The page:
Focus on the Charities Aid Foundation’s report entitled “How the cost-of-living crisis is affecting the sector” in the United Kingdom. Just as the sector got rid of the economic and societal disruptions of the Covid-19 pandemic, inflation started to build up in 2021. The study goes into detail about the impact of the economic crisis on charities in the United Kingdom.
The method used in the report: Charities were asked to rate their confidence on a scale from 0 to 10, on six statements/measures about their income stability, demand for services and operating costs. 1 323 charities across all four nations of the United Kingdom were interviewed from October 2022 to January 2023.
How secure are charities and communities in this crisis?
Overall, more than half of the surveyed charities stated that they were “very-worried” or slightly worried” about struggling to survive. However, this feeling of insecurity had an increase of 9% during the month of December with 60% of charities being worried. By January 2023, this number decreased and went back down to 53%. Even though there is a decrease, this shows that majority of charities are not feeling secure for their future.
Not only charities are not feeling secure, but they also believe that the communities they work with are most likely to be severely impacted by the rising cost of life. As a matter of fact, 79% of charities agreed in January that the communities will be severely impacted, down slightly from a high of 86% in November.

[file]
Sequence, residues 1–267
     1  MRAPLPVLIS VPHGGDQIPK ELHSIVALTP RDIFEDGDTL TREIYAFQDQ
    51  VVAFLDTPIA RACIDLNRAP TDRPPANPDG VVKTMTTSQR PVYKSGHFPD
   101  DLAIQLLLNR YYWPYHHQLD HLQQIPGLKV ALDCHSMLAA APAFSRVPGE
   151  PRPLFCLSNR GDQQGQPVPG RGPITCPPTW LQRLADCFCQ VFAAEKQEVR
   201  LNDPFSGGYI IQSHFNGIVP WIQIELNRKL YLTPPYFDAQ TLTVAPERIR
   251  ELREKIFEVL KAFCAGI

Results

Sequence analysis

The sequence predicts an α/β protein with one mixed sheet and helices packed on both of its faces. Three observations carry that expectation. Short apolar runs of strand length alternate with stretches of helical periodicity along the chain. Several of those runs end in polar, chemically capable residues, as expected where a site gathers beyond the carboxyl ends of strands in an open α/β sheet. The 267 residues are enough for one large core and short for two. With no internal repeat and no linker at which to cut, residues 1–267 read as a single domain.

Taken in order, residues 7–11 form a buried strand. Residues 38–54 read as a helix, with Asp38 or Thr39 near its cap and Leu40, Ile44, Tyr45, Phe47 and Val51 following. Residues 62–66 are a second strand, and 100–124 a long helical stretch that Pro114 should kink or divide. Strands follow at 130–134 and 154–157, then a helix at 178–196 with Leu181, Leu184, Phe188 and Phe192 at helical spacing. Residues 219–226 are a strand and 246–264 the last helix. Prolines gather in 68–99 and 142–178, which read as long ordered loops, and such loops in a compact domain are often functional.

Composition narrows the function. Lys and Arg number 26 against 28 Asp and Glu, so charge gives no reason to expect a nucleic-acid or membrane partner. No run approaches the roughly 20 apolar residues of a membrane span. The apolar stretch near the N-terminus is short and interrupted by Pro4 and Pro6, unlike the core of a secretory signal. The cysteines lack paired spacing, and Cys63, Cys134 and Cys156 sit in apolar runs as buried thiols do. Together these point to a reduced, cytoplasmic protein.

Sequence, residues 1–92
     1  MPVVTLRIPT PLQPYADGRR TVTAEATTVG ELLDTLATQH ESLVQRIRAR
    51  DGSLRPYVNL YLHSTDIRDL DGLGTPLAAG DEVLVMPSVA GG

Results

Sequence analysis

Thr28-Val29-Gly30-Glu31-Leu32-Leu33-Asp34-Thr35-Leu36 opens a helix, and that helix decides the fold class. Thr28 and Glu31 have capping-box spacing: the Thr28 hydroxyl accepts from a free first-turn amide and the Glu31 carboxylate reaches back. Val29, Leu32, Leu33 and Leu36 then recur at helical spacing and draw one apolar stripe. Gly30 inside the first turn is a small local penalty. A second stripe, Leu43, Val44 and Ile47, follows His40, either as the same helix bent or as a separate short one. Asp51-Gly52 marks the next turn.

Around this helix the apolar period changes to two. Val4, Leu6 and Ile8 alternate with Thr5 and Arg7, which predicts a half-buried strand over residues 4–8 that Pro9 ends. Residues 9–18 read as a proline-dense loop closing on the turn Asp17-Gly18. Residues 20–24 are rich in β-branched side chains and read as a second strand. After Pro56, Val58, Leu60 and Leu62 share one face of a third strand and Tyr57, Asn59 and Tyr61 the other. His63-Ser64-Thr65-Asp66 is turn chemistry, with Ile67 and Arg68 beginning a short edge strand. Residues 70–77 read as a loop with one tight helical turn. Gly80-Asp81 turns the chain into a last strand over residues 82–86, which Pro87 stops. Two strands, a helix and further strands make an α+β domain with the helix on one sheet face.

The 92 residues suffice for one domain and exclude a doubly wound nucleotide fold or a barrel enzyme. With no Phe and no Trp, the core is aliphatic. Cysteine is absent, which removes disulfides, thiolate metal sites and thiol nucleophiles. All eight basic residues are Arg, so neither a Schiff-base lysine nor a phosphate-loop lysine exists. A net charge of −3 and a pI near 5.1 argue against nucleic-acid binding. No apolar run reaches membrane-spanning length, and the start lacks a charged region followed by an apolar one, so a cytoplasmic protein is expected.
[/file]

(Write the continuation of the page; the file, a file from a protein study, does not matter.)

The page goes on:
More than half of these charities being 53% in January, with a high of 59% in November, also state that the crisis negatively impacts their staff or volunteer’s morale. We can deduce that this also impacts their productivity and satisfaction at work. Furthermore, almost a quarter of charities surveyed since October 2022, agree that they have made cuts and have no room to cut further in their services, meaning they are losing staff and must lower their productivity.
The cost-of-living crisis has also increased demand for services to charities. As a matter of fact, the charities working for the prevention or relief of poverty reported the most increase with 87% compared to last year. However, it is important to know that demand also varies depending on where the charities are based. Actually, 67% of charities are in the North of the United Kingdom, with 40% of them stating that that demand has increased “a lot” for them.
How did charities respond to the cost-of-living crisis? – The impact of the economic crisis on charities
As we can see on the chart number 2, only around 30% of charities have developed a detailed plan to face this crisis. This can be the result of most charities’ (66%) senior management feeling confident to face the current challenges, and therefore not developing a plan.
However, almost all charities had to adapt and take action to respond to this crisis. For example, almost half of them used reserves to meet their operational cost or asked their funders to help them by donating money. Some of them even had to borrow money.
In conclusion, charities find themselves facing a real challenge with increased demand and costs. The concern is particularly critical among charities involved in support or care services. With only one in three charities being highly confident in their funding and half of them being worried about their survival, 2023 is going to be an important year socially and economically for them.
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